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Ecosystem effects of forest ditch management

Eliza Maher Hasselquist lecturing at Trollberget

Millions of hectares of northern peatlands and wet mineral soils have been drained for forestry which has increased forest productivity in some areas, but not all. The future fate of these drainage ditches can be to:

  1. clean them to ensure continued drainage
  2. ecologically restore them to a more natural state, or
  3. leave them alone.

In the fall of 2018, we added eight water quality monitoring stations which will run in parallel with the Krycklan monitoring network in a side-by-side comparison with the goal of determining the effects of these three different management methods on water quality and quantity. This new area is called the Trollberget Experimental Area, and it began with the EU LIFE programs GRIP on LIFE Integrated Project that includes demonstration areas for the restoration of an unproductive drained peatland and best practices for cleaning of forest ditches.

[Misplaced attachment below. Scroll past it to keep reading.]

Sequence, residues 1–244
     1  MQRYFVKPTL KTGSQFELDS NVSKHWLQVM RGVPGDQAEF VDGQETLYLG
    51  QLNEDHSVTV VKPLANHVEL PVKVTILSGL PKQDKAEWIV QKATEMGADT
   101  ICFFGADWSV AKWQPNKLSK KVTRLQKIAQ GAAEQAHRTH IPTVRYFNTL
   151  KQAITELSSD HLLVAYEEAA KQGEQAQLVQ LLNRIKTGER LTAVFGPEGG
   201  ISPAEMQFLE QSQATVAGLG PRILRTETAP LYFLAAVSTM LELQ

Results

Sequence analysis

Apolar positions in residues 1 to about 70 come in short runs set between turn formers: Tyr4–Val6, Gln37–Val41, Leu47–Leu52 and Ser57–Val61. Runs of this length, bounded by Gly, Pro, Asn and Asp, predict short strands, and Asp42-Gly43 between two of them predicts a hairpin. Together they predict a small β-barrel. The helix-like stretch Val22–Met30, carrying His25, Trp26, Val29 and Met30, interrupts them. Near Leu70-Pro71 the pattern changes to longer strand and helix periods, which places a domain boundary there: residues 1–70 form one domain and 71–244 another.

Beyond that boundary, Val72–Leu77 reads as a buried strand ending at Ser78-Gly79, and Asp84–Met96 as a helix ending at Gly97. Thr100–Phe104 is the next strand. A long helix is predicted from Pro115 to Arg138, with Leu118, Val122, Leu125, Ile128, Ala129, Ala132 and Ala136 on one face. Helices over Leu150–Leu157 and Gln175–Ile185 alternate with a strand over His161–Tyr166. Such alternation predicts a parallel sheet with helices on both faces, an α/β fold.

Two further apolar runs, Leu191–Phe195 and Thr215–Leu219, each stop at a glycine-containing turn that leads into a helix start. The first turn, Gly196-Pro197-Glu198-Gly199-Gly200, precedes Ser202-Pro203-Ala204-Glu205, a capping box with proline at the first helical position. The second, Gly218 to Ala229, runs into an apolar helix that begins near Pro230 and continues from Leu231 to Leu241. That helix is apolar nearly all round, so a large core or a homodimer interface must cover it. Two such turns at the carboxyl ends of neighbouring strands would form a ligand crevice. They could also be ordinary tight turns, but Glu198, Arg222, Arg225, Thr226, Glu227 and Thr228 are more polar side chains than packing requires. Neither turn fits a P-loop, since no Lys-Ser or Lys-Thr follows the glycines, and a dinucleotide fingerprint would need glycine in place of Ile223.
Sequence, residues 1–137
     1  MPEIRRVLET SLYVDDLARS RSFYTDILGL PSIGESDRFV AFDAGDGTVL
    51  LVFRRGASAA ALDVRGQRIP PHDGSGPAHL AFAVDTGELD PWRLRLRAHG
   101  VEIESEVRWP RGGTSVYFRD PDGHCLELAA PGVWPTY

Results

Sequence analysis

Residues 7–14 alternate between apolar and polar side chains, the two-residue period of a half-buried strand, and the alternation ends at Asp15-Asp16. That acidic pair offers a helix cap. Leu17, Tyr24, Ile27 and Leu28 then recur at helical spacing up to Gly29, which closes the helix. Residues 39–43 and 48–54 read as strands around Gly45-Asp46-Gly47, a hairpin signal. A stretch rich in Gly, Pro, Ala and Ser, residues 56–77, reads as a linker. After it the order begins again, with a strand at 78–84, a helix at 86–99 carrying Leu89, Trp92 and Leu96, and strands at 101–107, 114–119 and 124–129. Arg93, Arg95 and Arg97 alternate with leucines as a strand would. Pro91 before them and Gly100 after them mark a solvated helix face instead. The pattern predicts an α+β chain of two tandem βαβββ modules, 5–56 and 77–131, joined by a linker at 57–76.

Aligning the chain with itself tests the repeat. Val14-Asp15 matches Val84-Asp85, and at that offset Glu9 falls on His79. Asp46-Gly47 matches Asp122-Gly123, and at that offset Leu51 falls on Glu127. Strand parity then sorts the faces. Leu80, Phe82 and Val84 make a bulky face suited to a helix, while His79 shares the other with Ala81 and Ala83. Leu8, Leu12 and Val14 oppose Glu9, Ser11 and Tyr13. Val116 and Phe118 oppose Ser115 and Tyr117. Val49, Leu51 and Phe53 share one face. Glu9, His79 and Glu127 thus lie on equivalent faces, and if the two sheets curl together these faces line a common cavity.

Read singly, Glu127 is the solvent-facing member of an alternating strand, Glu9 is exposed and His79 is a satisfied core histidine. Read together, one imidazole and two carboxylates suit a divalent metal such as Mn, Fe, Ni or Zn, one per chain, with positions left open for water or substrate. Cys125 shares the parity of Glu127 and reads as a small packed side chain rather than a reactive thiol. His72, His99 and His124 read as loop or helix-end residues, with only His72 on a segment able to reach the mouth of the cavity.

The original project has expanded to include other studies of forestry practices, including forest harvest, site preparation, and riparian buffer design as well as other potential environmental effects from these management actions, including greenhouse gas emissions, carbon and water cycling, and biodiversity, among others.

Hjalmar Laudon, Head of department, Professor
Department of Forest Ecology and Management, Department of Forest Ecology and Management, joint staff
hjalmar.laudon@slu.se, +46907868584, +46705606625

Published: 08 November 2021 - Page editor: kim.lindgren@slu.se